Whitney Grover

whitney In the course of a summer packed with long hours in labs sketching marine invertebrates and dissecting squid, senior biology major Whitney Grover discovered that she wants to go to graduate school in marine biology. Whitney, a Washington native, decided to pursue a biology major at UW because biology was her favorite subject in high school. She discovered that she had a passion for marine biology while taking her biology major pre-requisites.  During her sophomore year, she added Biology 250 – Introduction to Marine Biology to her schedule as an elective. In the marine biology course, she noticed that, “it covered a lot of material, but it all kind of interested me and made me think that this is what I should be focusing on.” Last fall, she added the marine biology minor to continue taking marine biology classes. 

As part of her marine biology minor coursework, this summer fhlboatWhitney studied at Friday Harbor Labs (FHL), the UW’s marine station on San Juan Island.  Whitney took Biology 432 – a marine invertebrates class. This five-week class is offered during June and July in summer quarter.  Students live in the FHL dormitories for the class. This class was Whitney’s first experience working in a lab setting. She said:

“FHL showed me that I can work in a lab.  Going up for even that one term was beneficial for answering questions about me, what I’m capable of doing.  Lab was so interactive that even though it was like 8 hours a day; it wasn’t as dry as I anticipated.” 

fhllabsAs Whitney described it, each day at FHL was rigorous, including three hours of lecture covering sponges, jellyfish, worms, and up the phyla from there. Labs corresponded with lecture. Students would collect samples from the docks and bring them back to the lab. They would dissect the organisms and sketch them in their lab notebooks which could take up to eight hours a day. In describing the lab experience, Whitney said, “we were never pushed to finish lab, but you wanted to keep up with lecture. People would go to dinner and come back and continue sketching invertebrates in their notebooks because they really wanted to learn the materials.”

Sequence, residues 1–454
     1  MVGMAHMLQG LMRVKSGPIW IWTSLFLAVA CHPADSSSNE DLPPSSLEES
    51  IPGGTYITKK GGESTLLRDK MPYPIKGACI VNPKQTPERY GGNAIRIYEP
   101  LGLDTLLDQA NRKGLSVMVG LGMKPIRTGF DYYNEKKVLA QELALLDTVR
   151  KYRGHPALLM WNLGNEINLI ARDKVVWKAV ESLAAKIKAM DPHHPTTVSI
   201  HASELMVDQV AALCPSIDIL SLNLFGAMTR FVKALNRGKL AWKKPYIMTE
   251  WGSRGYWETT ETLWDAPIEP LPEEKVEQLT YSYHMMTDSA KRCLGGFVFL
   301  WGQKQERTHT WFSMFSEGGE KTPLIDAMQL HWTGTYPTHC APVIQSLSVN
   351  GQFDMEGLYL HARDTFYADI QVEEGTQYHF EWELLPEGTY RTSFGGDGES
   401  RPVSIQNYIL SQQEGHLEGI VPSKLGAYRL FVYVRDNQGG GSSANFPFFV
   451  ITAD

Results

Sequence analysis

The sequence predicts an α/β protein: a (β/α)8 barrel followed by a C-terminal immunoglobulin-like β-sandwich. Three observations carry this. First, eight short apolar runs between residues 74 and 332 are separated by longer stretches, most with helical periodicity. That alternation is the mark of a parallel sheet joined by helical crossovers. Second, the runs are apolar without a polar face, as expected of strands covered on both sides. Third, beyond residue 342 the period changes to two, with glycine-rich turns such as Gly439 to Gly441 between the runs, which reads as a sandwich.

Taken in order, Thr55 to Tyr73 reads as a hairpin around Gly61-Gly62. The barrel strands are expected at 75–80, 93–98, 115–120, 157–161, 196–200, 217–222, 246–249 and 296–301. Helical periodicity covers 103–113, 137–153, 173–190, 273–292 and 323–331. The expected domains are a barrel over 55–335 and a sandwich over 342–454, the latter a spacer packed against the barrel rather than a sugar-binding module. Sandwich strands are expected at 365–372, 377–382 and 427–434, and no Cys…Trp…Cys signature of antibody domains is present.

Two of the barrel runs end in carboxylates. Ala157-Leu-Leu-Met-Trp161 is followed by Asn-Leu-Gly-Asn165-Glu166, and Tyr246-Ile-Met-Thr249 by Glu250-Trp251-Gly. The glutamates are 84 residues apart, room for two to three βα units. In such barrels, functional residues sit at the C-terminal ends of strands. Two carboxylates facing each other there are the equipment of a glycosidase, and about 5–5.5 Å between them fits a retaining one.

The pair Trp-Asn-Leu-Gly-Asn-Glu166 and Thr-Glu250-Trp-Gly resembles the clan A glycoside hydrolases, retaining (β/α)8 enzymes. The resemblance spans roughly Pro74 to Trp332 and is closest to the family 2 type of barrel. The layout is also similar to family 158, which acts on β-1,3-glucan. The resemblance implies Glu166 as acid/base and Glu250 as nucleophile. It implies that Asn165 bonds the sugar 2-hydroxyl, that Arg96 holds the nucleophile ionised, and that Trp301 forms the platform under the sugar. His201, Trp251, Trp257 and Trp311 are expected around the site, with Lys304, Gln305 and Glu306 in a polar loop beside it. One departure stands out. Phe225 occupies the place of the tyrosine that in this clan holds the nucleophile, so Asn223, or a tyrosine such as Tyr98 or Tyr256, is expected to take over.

Before Whitney left for FHL, she had responded to an ad on the marine biology minor Facebook group page for squid research help.  In 2007, walleye pollock fisheries were seeing a huge surge in squid by-catch in the Bering Sea at a spot north of Unalaska Island.  UW’s professor John Horne, in collaboration with NOAA’s Alaska Fisheries Science Center, was called in to do a survey.  Horne saved half the samples of the squid for a student project.  When Whitney returned to Seattle, she arranged to spend August working in Horne’s lab processing the squid samples.  She decided to use the squid research credits to finish her minor requirements by writing a hypothesis-driven paper using the squid data and then giving a presentation on her findings.
 
In Dr. Horne’s Lab, Whitney and fellow marine biology minor, Nick squidKennedy, processed 236 samples of the species Berryteuthis magister, also know as the Commander Squid.  They laid out each squid and took external and internal morphological measurements and recorded their data in a spreadsheet.  Measurements including mantle length and circumference, tentacle length, fin width and length, gonad length and egg maturity.  They also weighed the specimens and saved the heads and stomach contents for other researchers.  Whitney enjoyed the research process:

“It was a good experience for the first time working in a lab on our own and working with data.  No one knows about this species, what they eat and where they live; people just found out that they had a one year life cycle.  We hope to fill in the gaps, but it’s just the beginning of finding answers.” 

This fall, Whitney and Nick will present their paper at a local venue and continue in Dr. Horne’s lab.  As Whitney notes, “this paper and presentation have to be good – people will build on it and repeat the experiment.”  Through her lab experiences, Whitney has come to the conclusion that, “I have to go back to school for marine biology.  I don’t want to wait too long and will apply next fall.  I feel like I‘ve just now gotten into it and now I’m graduating.”

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